I think it is about time that the goverment put all pregnant women in giant cages, with food and water supplied the entire pregnancy as it is clear to me that women cannot possibly be trusted to incubate their babies properly.
People really think researchers are thick don't they?
What about all the other influences on IQ? How you are raised etc. Too many variables
You can have a high IQ and still have no common sense.
If only they'd read this thread first. Then they'd have slapped their heads and thought "well why didn't we think of that?"
LeBFG - I totally agree that it is always going to be self reporting. But there are ways to make self reporting more accurate.
For a start, the categories people were asked to use could accurately say how many units they meant - greater than one unit a week but not as much as 1-2 units a day could mean 2 units a week, or it could mean 22 units all on a single night.
They could avoid the lazy one drink= one unit approach. I bet they said 'one small glass of wine' was a unit. The reality is often more like two. And small is very subjective.
To get a decent self reporting, you would have contemporaneous drinking diaries, and education on units so people stood a chance of recording accurately.
This survey data just seems to me to be so vague as to not really give you any genuine indication of how much these women were drinking. In which case it becomes pretty meaningless in terms of adding to the sum of knowledge.
From the Children of the 90s website (http://www.bristol.ac.uk/alspac/news/2012/161.html)
The mothers alcohol intake was based on a questionnaire completed when they were 18 weeks pregnant. It included questions on the average amount and frequency of alcohol consumption before the current pregnancy, during the first trimester, and in the previous two weeks or at the time when they first felt the baby move. One drink was specified as one unit of alcohol.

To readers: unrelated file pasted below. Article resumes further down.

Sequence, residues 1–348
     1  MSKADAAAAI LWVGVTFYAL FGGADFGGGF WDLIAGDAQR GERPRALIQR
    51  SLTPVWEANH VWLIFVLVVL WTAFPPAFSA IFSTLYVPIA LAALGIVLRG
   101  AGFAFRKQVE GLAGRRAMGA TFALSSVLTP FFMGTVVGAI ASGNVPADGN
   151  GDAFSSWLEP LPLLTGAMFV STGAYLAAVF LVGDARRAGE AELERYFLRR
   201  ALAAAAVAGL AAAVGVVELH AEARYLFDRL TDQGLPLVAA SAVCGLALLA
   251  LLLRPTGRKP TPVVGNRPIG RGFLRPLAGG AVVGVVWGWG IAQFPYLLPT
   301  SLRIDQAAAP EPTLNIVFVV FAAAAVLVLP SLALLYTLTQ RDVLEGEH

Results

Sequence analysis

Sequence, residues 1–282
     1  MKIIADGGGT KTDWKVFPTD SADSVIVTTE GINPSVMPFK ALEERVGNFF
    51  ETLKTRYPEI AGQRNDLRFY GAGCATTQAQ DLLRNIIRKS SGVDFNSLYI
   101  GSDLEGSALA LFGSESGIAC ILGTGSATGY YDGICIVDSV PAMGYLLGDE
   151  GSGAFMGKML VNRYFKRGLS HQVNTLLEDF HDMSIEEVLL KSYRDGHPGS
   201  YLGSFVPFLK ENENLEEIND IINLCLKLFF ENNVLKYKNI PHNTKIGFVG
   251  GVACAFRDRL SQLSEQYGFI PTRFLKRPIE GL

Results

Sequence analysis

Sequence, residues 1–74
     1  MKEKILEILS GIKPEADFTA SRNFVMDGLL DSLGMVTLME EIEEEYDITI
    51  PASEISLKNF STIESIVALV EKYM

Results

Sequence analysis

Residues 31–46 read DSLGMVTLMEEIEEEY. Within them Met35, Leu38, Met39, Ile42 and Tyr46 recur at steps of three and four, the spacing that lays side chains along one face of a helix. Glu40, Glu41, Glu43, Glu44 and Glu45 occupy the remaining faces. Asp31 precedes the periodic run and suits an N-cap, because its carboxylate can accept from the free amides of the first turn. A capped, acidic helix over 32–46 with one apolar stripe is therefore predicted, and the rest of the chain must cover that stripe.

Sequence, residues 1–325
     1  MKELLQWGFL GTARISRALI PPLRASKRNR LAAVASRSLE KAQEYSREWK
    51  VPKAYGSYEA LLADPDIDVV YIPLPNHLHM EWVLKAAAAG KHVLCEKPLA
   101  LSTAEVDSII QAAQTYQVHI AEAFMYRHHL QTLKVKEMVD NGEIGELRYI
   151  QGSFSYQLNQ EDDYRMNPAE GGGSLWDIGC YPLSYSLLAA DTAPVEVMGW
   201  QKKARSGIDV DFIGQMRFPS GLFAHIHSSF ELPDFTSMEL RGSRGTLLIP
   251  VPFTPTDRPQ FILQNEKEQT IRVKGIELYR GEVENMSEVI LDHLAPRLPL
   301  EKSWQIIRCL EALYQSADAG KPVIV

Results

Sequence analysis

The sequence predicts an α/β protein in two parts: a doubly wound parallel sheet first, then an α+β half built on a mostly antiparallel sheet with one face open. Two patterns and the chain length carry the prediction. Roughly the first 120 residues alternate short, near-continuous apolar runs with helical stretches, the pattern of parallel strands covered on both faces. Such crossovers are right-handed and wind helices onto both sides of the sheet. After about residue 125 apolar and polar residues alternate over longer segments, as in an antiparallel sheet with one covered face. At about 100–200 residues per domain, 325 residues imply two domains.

Around 32 weeks of gestation the mother completed another questionnaire in which she was asked about her average weekday and weekend alcohol consumption, frowhich weekly intake was derived. Any woman who reported drinking, even if it was less than one unit per week either in the first trimester or when she felt the baby first move was classified as drinking during pregnancy.
At approximately 18 and 32 weeks of pregnancy, the women were also asked on how many days during the past month they had drunk two pints of beer (or the equivalent amount of alcohol). Any women who reported doing this on at least one occasion was classified as a binge drinker for the purposes of this analysis and were excluded.
The childrens IQ was tested when they were aged eight using a shortened version of the Wechsler Intelligence Scale for Children from which an overall age adjusted total score was derived.
Speaking about the findings, the reports main author, Dr Sarah Lewis, said:
Our results suggest that even at levels of alcohol consumption which are normally considered to be harmless, we can detect differences in childhood IQ, which are dependent on the ability of the foetus to clear this alcohol. This is evidence that even at these moderate levels, alcohol is influencing foetal brain development.
I'm not sure that's the point of the study Muffin. They cleverly used these alcohol metabolism genes to factor out those tricksey confounding factors like smoking, diet etc.
The take-home message for me is that some people are genetically more susceptible to alcohol damage than others, and in this sub-group moderate fetal exposure to alcohol is linked to lower IQ.
IQ tests have always been controversial, but I'm always stumped at how else we can measure cognitive powers.